Buyers looking for a new house may need to throw their name in a hat and hope to win the lottery.
Taylor Morrison Home,
a builder based in Arizona, is holding drawings for purchases in hot markets like Austin, Texas, and Phoenix. Prime home lots are selling for $50,000 premiums in auctions. “We’re in a very strong market,” says Taylor CEO Sheryl Palmer.
Home-builder stocks are up 37% this year, reflecting dizzying demand, ultralow mortgage rates, and maddening construction delays. Just 34,000 completed new homes were on the market in July, well below the 87,300 average for the month since 1973. Bidding wars have broken out, including camp-outs where buyers set up umbrellas and barbecues on the sidewalk, waiting to be first in line for a new house, says BTIG analyst Carl Reichardt.
If there’s still a value play, it may be Taylor Morrison’s own stock (ticker: TMHC). It’s up just 10% this year and has gained less than half the 97% industry average over the past three years. Taylor trades around book value, compared with 1.8 times book for the industry. At a recent price of $28, it goes for 4.3 times estimated 2022 earnings, a 30% discount to peers.
The discount looks excessive. While Taylor isn’t the most profitable builder, it’s taking measures to lift returns. The company has pledged to boost gross margins on home-sale closings, from 20% in 2021 to 22% next year, and it’s aiming for a 20% return on equity, up from the high teens now. Taylor is streamlining floor plans to cut construction costs. And the company controls 76,000 lots, including raw land and plots under development. It plans for nearly 400 communities with houses for sale by year-end 2022, up from 330 in 2021.
“The stock is inexpensive,” says Reichardt, who sees it hitting $38 over the next year. “It’s a call option on the company improving efficiencies and margins. The market doesn’t believe Taylor will do that, but there’s a large margin of safety in the stock.”
The country’s No. 5 builder, Taylor focuses on West Coast and Sunbelt markets, many with healthy population growth. Under Palmer, CEO since 2007, Taylor has bought five builders over the past seven years, including AV Homes in 2018 and William Lyon Homes in 2020. The acquisitions have expanded Taylor’s geographic reach and product line to include entry-level, move-up, and “active adult” homes—typically in age-restricted developments for people over 55.
Taylor’s average closing price hit $503,000 in the June quarter, up from $458,000 last year. Houses that sold in the quarter for future delivery are averaging $597,000. Its order backlog has been growing, reaching 10,228 in June.
Palmer says demand has cooled from a “frenzied” spring, but she’s still expecting healthy sales throughout the year. The biggest obstacle now: finding labor and materials. Lumber prices remain elevated, despite dropping sharply from the spring. Lead times for windows have more than doubled, she says, and everything from garage doors to flooring is arriving later than usual. “It’s like playing double-fisted Whac-A-Mole,” she says of the sourcing effort.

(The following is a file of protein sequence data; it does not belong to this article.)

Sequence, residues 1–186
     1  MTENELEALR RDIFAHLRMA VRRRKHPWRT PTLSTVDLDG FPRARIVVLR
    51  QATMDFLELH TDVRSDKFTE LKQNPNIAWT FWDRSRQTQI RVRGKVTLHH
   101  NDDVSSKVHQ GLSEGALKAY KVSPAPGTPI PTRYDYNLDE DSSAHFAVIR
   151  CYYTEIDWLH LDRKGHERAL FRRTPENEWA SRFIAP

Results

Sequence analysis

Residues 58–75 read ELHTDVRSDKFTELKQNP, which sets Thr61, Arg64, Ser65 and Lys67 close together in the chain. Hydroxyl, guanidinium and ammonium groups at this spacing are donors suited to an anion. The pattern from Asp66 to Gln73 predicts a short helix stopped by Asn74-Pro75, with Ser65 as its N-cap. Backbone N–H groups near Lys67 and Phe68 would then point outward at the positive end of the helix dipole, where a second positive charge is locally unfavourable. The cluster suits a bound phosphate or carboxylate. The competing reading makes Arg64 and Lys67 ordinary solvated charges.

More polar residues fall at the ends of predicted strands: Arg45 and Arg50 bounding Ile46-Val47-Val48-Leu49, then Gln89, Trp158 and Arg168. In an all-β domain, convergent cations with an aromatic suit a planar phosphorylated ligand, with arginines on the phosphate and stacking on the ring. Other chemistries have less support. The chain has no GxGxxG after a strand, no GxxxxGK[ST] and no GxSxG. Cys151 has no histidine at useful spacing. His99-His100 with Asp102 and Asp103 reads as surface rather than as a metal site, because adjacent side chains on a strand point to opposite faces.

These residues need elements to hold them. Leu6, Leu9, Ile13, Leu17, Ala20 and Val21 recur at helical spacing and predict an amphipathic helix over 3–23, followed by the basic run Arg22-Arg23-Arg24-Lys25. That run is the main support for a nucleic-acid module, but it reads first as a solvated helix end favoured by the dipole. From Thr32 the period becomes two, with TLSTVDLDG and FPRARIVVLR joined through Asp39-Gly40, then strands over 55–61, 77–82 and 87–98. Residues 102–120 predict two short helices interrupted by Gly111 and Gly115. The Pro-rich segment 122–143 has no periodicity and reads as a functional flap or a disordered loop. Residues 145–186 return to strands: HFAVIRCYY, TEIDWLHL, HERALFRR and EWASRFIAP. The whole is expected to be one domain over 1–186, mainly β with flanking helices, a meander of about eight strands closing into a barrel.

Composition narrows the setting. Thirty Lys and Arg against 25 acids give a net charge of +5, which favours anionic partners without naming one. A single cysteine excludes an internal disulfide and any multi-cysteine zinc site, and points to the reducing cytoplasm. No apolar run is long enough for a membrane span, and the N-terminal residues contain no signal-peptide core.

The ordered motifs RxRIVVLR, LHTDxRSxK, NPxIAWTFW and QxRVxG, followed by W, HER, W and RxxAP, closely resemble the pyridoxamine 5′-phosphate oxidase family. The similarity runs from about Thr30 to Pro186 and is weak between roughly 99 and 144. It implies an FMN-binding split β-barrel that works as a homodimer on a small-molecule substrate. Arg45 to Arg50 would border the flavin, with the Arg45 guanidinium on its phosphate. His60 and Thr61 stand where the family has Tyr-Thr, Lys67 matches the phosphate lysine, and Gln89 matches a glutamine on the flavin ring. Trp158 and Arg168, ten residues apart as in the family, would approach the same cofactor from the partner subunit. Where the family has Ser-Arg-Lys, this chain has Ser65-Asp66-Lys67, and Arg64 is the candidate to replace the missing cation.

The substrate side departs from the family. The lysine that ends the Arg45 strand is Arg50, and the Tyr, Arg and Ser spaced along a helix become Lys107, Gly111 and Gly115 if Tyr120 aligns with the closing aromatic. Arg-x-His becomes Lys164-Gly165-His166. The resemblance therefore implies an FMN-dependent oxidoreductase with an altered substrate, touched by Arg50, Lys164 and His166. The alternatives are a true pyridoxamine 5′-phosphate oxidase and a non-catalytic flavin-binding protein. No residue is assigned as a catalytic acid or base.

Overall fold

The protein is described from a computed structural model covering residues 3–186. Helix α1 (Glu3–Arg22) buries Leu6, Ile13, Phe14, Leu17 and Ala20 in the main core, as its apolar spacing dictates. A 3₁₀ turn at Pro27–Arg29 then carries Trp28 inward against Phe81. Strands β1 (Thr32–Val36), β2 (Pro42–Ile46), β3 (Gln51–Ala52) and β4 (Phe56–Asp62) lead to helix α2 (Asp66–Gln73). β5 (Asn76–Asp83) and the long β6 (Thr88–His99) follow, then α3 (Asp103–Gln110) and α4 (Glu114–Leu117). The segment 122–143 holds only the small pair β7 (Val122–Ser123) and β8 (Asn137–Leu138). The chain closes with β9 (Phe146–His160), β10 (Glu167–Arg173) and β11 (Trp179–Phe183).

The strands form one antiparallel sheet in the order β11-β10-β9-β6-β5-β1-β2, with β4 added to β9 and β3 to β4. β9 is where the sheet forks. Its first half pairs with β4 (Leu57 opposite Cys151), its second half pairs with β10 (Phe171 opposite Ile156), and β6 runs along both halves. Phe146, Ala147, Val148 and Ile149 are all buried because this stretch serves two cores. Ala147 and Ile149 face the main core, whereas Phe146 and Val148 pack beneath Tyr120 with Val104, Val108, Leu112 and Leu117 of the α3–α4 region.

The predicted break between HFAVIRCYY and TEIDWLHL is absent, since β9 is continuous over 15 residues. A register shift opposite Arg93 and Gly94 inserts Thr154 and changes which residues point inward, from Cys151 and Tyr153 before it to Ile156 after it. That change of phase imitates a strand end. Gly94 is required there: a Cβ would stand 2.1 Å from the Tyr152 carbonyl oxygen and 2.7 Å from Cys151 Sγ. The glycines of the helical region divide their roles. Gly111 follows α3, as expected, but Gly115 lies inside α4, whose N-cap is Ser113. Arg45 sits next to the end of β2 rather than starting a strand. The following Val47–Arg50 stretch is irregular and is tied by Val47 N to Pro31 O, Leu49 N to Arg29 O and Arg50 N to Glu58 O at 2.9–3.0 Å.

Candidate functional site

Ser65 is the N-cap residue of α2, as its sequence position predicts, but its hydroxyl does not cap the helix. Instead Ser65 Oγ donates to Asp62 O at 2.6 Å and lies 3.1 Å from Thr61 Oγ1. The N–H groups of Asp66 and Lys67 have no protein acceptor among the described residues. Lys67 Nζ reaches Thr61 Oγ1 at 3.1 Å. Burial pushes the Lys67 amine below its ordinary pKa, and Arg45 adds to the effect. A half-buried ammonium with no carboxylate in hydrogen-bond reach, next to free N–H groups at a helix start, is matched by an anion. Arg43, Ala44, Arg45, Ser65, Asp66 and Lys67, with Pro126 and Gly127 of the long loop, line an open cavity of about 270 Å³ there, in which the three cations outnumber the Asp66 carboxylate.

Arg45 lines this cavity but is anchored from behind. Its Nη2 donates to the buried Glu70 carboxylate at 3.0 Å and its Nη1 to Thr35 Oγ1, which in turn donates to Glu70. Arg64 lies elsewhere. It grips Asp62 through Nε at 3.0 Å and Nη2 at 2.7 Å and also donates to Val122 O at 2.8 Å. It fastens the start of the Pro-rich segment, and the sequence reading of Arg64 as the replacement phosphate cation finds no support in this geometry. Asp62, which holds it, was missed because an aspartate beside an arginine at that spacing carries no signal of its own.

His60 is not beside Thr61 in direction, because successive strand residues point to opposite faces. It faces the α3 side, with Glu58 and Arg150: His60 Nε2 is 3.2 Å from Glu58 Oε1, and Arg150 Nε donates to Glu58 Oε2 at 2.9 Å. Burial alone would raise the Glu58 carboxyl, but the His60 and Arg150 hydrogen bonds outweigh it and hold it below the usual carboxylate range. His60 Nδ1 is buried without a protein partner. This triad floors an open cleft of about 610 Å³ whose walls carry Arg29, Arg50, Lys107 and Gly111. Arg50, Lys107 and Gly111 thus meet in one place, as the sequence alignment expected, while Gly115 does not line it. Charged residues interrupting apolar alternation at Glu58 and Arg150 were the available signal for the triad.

|Market Value (bil):||$3.5|
|2022E Sales (bil):||$8.5|
|2022E Net Income (mil):||$847|
Taylor aims to close 14,500 to 15,000 homes this year, up 18% from 2020. Growth is likely to slow next year to 1%, according to consensus estimates, and Taylor’s backlog of signed house contracts is expected to fall slightly. But with prices on the rise, and Taylor working to lift margins, profits should rise. Consensus analyst estimates have Taylor earning $5.13 a share this year and $6.60 in 2022.
Why does the stock look so cheap? Investors worry that the industry’s fuel—low rates, big job gains, and a shift to the exurbs—won’t last. Escalating prices are pressuring affordability and may push out first-time buyers.
For Taylor, investors may be leery of more acquisitions. Builders often overpay and then take accounting hits on inflated land values, says Reichardt. Palmer says “synergies” from the Lyon deal should start to materialize over the next few months and that she has “no plans” for acquisitions.
Investors may also be skeptical of Taylor’s margin targets. The builder doesn’t dominate any local market or product niche, says Reichardt, who calls it a “tweener,” lacking the purchasing power of larger builders. “A lot of margin improvement is driven by depth of local market share,” he says. “They don’t have that.” Palmer says that Taylor is a top-five builder in many markets and she has “tremendous confidence” about hitting the 22% target.
Investors aren’t paying much to give her the benefit of the doubt. Alex Barron, an independent analyst and head of the Housing Research Center, estimates that Taylor’s book value will rise from $27 to $31 over the next year. Strip out $5 a share in goodwill, or intangible assets, and it would be worth $26 in a liquidation, he says, pegging the stock at $45 in a bull case. “The upside/downside is very compelling compared to other builders,” he says.
Wedbush Securities’ Jay McCanless likes the margin story and sees earnings reaching $6.58 a share in 2022. Even if the stock achieves a peer multiple of six times his earnings-per-share forecast, it would trade at $39, below his $46 target. “The earnings potential and pricing power are there,” he says. If he’s right, investors may have a winning lottery ticket, too.
Write to Daren Fonda at firstname.lastname@example.org